- Trouble walking.
- Feeling confused.
- Slurred speech.
- Swollen or sore gums.
- Very bad muscle pain.
- Trouble controlling body movements, twitching, change in balance, trouble swallowing or speaking.
- If seizures are worse or not the same after starting phenytoin suspension.
- A burning, numbness, or tingling feeling that is not normal.
- Not able to control eye movements.
- A very bad and sometimes deadly effect has happened in people taking drugs for seizures like phenytoin suspension. Call your doctor right away if you have swollen glands; fever; rash; chest pain; unable to pass urine or change in the amount of urine passed; or signs of liver problems like dark urine, feeling tired, not hungry, upset stomach or stomach pain, light-colored stools, throwing up, or yellow skin or eyes.
- Rarely, certain blood problems have happened with phenytoin suspension. This can lead to bleeding problems or infections. Sometimes, these have been deadly. Tell your doctor right away if you have signs of infection like fever, chills, very bad sore throat, ear or sinus pain, cough, more sputum or change in color of sputum, pain with passing urine, mouth sores, or a wound that will not heal. Tell your doctor right away if you have any unexplained bruising or bleeding, or if you feel very tired or weak.
What are some other side effects of Phenytoin Suspension?
All drugs may cause side effects. However, many people have no side effects or only have minor side effects. Call your doctor or get medical help if any of these side effects or any other side effects bother you or do not go away:
- Feeling sleepy.
- Feeling nervous and excitable.
- Not able to sleep.
- Upset stomach or throwing up.
- Change in taste.
These are not all of the side effects that may occur. If you have questions about side effects, call your doctor. Call your doctor for medical advice about side effects.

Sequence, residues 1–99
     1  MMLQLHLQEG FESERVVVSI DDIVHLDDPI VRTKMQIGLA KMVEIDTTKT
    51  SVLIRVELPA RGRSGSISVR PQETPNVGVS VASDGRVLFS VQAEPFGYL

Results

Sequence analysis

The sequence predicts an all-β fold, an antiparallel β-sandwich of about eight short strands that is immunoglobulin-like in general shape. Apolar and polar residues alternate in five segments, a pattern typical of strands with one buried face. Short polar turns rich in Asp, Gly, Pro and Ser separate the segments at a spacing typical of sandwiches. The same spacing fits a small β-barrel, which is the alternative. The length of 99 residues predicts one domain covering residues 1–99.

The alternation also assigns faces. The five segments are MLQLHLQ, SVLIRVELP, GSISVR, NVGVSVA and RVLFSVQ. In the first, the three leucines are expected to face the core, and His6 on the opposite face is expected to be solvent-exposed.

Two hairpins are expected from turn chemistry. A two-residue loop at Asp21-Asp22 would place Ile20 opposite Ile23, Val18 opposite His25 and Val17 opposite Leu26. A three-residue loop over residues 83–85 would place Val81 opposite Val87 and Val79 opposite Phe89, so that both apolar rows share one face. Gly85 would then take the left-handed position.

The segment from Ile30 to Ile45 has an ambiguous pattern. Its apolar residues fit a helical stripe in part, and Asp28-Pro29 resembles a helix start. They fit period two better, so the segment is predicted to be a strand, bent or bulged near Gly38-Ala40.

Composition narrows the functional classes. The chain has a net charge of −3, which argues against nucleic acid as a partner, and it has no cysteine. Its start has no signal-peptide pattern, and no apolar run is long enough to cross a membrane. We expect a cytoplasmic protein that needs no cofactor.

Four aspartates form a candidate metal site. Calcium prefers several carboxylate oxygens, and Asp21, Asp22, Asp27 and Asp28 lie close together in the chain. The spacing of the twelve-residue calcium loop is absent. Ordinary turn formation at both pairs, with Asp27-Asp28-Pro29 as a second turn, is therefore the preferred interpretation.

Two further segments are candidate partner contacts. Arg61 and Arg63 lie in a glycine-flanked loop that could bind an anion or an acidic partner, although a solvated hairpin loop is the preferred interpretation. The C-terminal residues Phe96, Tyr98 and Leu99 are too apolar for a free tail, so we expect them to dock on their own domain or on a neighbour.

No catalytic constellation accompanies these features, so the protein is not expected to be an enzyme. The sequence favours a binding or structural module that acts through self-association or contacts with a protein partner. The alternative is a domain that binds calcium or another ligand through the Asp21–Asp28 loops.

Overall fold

You may report side effects to the FDA at 1-800-FDA-1088. You may also report side effects at http://www.fda.gov/medwatch.
If OVERDOSE is suspected:
If you think there has been an overdose, call your poison control center or get medical care right away. Be ready to tell or show what was taken, how much, and when it happened.
How do I store and/or throw out Phenytoin Suspension?
- Store at room temperature.
- Protect from light.
- Store in a dry place. Do not store in a bathroom.
- Do not freeze.
- Keep all drugs in a safe place. Keep all drugs out of the reach of children and pets.
- Throw away unused or expired drugs. Do not flush down a toilet or pour down a drain unless you are told to do so. Check with your pharmacist if you have questions about the best way to throw out drugs. There may be drug take-back programs in your area.
Consumer information use
- If your symptoms or health problems do not get better or if they become worse, call your doctor.
- Do not share your drugs with others and do not take anyone else's drugs.
- Keep a list of all your drugs (prescription, natural products, vitamins, OTC) with you. Give this list to your doctor.
- Talk with the doctor before starting any new drug, including prescription or OTC, natural products, or vitamins.
- This medicine comes with an extra patient fact sheet called a Medication Guide. Read it with care. Read it again each time phenytoin suspension is refilled. If you have any questions about phenytoin suspension, please talk with the doctor, pharmacist, or other health care provider.
- If you think there has been an overdose, call your poison control center or get medical care right away. Be ready to tell or show what was taken, how much, and when it happened.
Always consult your healthcare provider to ensure the information displayed on this page applies to your personal circumstances.